In the Greek-speaking world of the first century, there were actually several words that could be used to describe the different forms of love. There were four in particular. The first type of love was storge, or family love. You might describe this kind of love as the love that siblings share with each other or the love that children have for their parents. The second type of love was eros, or romantic love. This is the love shared between two people when they claim to be “in love” with each other. The third type of love was philia, also known as brotherly love. You might think of this as the kind of love that two close friends would share, the kind of love that produces deep bonds of affection. The last type of love was agape, or Godly love. Agape love is the kind of love that Jesus demonstrated when he washed the feet of his disciples on the night before his death, the kind of love he demonstrated when he laid down his life for us on the hard wood of the cross. It’s the kind of love that doesn’t come naturally because it requires us to give up ourselves for the “other,” to sacrifice our own well being so that others may live. It’s the kind of love that is self-giving, not self-serving. The author of John’s Gospel used the word agape when he wrote these words of Jesus: “For God so loved the world that he gave his only Son, so that everyone who believed in him may not perish but may have eternal life.”

I’m sorry if this disappoints you, but in our lesson this morning from 1 Corinthians, Paul isn’t writing about romantic love, like we might assume based upon its popularity during wedding seson. And, he isn’t writing about family love or brotherly love, either. He’s writing about agape love. He’s writing about the unconditional, sacrificial love of God that all of us are called to share with the world, a love that has the power to tear down any walls that might divide us. With that kind of love in mind, listen to the passage again, and consider what it means for those of us who have chosen to follow Jesus and pattern our lives on his teaching. “Agape is patient; agape is kind; agape is not envious or boastful or arrogant or rude. Agape does not insist on its own way; agape is not irritable or resentful; agape does not rejoice in wrongdoing, but rejoices in the truth. Agape bears all things, believes all things, hopes all things, endures all things. Agape never ends.”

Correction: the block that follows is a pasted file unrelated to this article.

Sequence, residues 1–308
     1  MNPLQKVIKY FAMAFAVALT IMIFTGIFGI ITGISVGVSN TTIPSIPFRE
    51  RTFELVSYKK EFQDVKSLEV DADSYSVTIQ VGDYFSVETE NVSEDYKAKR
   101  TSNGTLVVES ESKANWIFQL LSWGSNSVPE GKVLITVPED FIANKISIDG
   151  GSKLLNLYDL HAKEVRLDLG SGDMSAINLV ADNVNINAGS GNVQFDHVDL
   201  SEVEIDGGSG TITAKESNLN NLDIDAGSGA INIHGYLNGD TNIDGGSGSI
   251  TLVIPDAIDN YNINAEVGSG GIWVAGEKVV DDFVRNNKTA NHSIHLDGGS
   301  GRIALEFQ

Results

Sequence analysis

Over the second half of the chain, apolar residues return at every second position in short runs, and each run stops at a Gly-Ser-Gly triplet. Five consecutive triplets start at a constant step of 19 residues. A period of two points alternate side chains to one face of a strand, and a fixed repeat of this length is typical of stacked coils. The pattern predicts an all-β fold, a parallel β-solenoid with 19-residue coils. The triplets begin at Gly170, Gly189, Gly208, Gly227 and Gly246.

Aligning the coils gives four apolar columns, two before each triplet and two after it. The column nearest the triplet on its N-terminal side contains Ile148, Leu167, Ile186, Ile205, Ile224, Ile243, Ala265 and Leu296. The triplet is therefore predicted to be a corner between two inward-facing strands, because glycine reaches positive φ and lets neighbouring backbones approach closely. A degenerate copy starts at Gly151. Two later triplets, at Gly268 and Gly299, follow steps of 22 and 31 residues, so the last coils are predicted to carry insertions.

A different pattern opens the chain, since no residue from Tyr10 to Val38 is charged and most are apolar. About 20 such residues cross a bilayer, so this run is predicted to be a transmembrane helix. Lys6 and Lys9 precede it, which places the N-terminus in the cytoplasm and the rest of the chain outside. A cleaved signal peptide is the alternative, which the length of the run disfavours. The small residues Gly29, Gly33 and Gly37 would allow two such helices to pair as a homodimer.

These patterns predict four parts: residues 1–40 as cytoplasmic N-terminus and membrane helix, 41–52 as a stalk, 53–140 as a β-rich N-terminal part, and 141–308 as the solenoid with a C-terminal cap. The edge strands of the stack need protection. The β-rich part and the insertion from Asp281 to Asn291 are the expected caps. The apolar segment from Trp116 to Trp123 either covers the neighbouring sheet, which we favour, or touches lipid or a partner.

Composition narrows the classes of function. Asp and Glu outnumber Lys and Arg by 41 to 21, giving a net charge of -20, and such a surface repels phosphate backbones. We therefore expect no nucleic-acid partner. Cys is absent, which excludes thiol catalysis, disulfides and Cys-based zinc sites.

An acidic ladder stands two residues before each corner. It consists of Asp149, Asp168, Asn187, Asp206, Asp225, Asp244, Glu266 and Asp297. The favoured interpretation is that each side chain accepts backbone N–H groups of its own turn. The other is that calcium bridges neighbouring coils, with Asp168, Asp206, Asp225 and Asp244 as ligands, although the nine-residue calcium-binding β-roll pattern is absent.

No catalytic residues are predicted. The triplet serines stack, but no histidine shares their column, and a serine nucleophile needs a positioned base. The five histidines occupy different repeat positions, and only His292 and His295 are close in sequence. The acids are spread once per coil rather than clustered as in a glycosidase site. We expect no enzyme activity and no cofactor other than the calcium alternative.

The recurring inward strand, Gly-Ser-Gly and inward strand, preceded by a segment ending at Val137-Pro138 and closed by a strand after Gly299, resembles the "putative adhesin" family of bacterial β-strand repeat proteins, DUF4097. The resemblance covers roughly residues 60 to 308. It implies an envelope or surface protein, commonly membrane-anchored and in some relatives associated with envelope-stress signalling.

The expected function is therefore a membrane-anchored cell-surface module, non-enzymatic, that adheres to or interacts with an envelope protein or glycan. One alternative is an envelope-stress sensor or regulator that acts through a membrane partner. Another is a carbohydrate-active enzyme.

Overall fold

In his book, The Four Loves, C.S. Lewis describes agape love (or charity, as he preferred to call it) asthe highest level of love known to humanity – a selfless love, a love that is passionately committed to the well being of the “other.” Agape love doesn’t discriminate, and it seeks nothing in return. It’s a love that knows no boundaries or limits, a love that is open to every person. No questions asked.

Jesus isn’t our mascot, but he is the example that we strive to imitate, our master teacher. He is “the way, the truth, and the life,” and through his ministry and example, we know what it means to be loved unconditionally by God. Jesus wants us “on the team” and “in the game.” He doesn’t want us to passively sit back and watch as others do all the work for us. He wants us, all of us, here and now, to join him in bringing agape love, the unconditional, self-giving love of God, to this broken world in which we live.

My friends, I leave you this morning with the text to the ancient, Latin hymn, Ubi caritas, which we traditionally sing during Holy Week. May its words be a prayer for all of us as we strive to be instruments of God’s love. May they inspire us and give us strength.

Where charity and love are, God is there.
Christ’s love has gathered us into one.
Let us rejoice and be pleased in Him.
Let us fear, and let us love the living God.
And may we love each other with a sincere heart.
Where charity and love are, God is there.
As we are gathered into one body,
Beware, lest we be divided in mind.
Let evil impulses stop, let controversy cease,
And may Christ our God be in our midst.
Where charity and love are, God is there.
And may we with the saints also,
See Thy face in glory, O Christ our God:
The joy that is immense and good,
Unto the ages through infinite ages. Amen.

Click here to listen to an audio recording of this sermon.